Meet the Queensland florist that makes fancy flesh flower bouquets...then works her magic to transform them into dainty dried flower ensembles. Helena Rose is a minimal waste florist who is greenifying the flower assembling game by repurposing and reusing petals and stems.
As a minimal waste florist, Helena Rose has committed to reducing and repurposing floral waste where possible.
Before her love for flower-making and repurposing blossomed, she had a passion for fashion. With an eye for design and an insatiable wanderlust, Helena traveled the world working as a stylist for international fashion journals. Just like fashion and design, minimal waste floristry is an art form.
There’s a lot of time, energy and skill that goes into repurposing flowers from the mixed bouquets you see peeking out from shop windows and road-side collections.
Helena follows an age-old method to make the drying process as seamless as possible and ensure the flowers keep their shape and vibrant hue.
For optimum results, this process must work like clockwork. There’s no room for shipping bottlenecks or clunky unexpected distractions to distract her from giving the flowers her full attention.
That’s where Sendle comes in.
Making business bloom
Being a minimum waste florist means repurposing fresh flowers into beautiful byproducts such as flower wreaths or dry petal confetti. To do this Helena has to sort and separate floral waste into groups based on what flowers can dry naturally, what petals need to be placed in the dehydrator, and what needs to be sent to a botanist for preservation. The drying process can take up to 4 weeks before the fun stuff can begin.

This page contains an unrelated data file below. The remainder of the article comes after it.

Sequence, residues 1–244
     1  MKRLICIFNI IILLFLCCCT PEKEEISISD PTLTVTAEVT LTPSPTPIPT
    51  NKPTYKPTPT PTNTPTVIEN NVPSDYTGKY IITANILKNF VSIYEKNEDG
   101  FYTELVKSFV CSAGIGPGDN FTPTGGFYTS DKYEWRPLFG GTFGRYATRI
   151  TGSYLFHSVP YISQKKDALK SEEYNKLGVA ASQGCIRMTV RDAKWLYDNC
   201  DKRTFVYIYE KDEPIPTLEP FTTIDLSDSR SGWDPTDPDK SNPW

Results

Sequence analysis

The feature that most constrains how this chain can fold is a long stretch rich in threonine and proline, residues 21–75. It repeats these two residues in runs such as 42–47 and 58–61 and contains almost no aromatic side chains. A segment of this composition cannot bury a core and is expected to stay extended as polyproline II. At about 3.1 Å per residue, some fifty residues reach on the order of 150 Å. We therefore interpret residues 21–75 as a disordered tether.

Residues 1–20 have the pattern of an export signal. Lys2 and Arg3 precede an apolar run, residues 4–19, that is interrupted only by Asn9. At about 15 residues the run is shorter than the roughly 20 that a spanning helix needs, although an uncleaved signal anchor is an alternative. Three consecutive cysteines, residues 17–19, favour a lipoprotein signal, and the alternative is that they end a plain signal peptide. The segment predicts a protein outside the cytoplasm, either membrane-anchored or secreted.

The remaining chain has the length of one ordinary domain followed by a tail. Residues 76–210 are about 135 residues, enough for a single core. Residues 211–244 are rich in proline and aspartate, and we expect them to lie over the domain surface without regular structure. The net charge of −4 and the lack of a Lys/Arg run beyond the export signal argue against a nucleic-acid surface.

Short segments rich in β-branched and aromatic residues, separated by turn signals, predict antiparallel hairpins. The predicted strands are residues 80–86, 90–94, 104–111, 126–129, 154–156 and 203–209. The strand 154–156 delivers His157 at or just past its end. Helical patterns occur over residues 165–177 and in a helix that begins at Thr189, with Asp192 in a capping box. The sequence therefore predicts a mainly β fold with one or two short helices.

The dried flowers and petals are then used to build arbors, create beautiful window displays, and make confetti and potpourri.
Helena does that on top of fulfilling eCommerce orders, greeting customers in her brick and mortar store, arranging fresh bouquets, designing bespoke headwear, and teaching creative workshops. Running a minimum waste business is no easy feat and for Helena, being busy is an understatement!
Sendle is the time-saving hero she needs to make it all possible.
A lot of people come to Helena Rose for their special day. Many of these ‘special occasion’ customers act with an increased sense of urgency so without streamlined business operations in place, things can get pretty thorny.
To send the online orders of brides-to-be and bridesmaids who have purchased bespoke headpieces and flower crowns for their special day, Helena can quickly log onto the Sendle Dashboard. Here she can arrange a pick up or drop off - depending on her schedule. These deliveries can be scheduled in between serving customers, teaching classes, and beautifying the show-stopping storefront she’s known for.
“The drivers who pick up the packages have also learned who I am and even take note of my trading hours. One driver noticed I usually pack orders by noon and made sure to arrive a little later in the day to ensure a package could be collected that same day instead of having to schedule for next day pickup. That was a really nice experience for me!”
Work overtime? So does Sendle.
For many florists, overtime comes with the territory, particularly around Valentine’s Day, Mother's Day, and Christmas.
For each of these special occasions, Helena creates a themed window display using repurposed or dried flowers plus prepares a bunch of fresh flower bouquets. Each window display can take up to 5 days to build and one bouquet can take between 30 mins to two hours to ensemble.
Helena’s schedule during these periods is unpredictable but being busy is a certain. No two days are the same when you run a florist business and it requires a ton of early mornings and plenty of weekends.
Thankfully Sendle allows for flexibility and can fit into her schedule flawlessly. Helena loves that she is able to drop off her eCommerce parcels at one of Sendle’s drop off points, when and where she likes.
Many of these drop off points are open 24 hours for 7 days a week which means that Helena can still keep her eCommerce customers happy even when her days in the shop are jam-packed.